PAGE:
Rebecca Ruiz McGill
September 5, 2012
The U.S.-Mexico border is the border in the world with the greatest disparity in access to food and water needed for human survival, according to a report commissioned and published by the Southwest Center at the University of Arizona.
An endowment from the Kellogg Foundation and a UA Confluencenter for Creative Inquiry grant supported the study and its focus on assessing transborder food systems to understand water scarcity and food insecurity within the borderlands region.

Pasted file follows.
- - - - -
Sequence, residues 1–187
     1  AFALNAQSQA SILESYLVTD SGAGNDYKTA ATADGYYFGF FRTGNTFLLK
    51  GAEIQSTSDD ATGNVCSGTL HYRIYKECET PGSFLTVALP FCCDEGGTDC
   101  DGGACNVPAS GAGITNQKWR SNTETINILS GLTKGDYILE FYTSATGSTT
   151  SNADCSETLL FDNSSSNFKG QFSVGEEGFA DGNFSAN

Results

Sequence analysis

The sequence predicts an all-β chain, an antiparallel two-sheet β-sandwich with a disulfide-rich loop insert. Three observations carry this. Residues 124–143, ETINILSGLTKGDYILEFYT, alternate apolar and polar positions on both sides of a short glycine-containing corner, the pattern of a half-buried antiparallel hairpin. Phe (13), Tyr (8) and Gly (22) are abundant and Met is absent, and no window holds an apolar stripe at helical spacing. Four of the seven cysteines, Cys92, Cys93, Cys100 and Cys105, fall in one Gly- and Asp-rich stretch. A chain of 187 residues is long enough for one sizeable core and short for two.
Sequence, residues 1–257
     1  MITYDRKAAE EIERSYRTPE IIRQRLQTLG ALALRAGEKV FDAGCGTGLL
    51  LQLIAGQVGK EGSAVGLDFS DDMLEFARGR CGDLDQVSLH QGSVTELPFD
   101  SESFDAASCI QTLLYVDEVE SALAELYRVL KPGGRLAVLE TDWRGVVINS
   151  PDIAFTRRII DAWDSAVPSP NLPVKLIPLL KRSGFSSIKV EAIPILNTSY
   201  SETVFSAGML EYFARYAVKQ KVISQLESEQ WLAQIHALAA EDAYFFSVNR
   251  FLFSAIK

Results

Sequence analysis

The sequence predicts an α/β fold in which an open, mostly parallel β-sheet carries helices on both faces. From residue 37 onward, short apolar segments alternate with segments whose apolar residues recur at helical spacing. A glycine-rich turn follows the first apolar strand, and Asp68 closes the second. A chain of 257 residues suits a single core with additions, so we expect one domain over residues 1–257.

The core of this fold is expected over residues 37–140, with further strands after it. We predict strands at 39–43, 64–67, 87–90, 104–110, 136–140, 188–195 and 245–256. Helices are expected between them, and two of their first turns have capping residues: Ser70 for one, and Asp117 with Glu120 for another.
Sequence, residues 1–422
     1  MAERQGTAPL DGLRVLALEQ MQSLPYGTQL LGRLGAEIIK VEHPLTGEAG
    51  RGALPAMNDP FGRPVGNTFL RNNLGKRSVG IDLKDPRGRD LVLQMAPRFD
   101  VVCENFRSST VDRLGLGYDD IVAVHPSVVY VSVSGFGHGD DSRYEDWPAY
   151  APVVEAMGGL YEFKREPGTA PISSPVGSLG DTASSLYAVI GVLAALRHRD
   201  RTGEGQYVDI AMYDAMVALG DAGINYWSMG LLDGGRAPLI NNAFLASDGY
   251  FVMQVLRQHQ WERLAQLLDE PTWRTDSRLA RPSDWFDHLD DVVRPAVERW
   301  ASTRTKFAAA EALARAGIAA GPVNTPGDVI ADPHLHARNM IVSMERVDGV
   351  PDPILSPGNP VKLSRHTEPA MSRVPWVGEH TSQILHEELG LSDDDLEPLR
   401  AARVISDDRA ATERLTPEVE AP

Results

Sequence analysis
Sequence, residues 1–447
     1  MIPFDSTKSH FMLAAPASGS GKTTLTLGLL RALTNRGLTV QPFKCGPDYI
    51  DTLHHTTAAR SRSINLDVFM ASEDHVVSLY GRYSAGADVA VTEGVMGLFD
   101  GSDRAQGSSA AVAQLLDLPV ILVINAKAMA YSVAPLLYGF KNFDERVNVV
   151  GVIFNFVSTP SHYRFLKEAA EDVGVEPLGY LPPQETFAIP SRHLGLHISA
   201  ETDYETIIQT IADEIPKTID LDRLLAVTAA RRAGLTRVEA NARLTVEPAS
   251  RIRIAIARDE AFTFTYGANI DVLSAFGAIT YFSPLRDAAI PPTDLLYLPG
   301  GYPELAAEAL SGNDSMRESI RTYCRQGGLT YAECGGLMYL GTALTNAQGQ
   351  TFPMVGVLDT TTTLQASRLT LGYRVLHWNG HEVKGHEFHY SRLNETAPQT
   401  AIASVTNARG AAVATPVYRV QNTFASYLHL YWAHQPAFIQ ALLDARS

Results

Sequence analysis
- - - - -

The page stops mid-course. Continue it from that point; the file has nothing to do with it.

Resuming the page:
The report underscores how in the globalized economy, Arizona and the rest of the United States rely on the skilled labor, water, fresh produce, fish, shellfish and livestock originating in northern Mexico; while in Mexico, the population is increasingly dependent upon frozen and processed foods originating in the United States.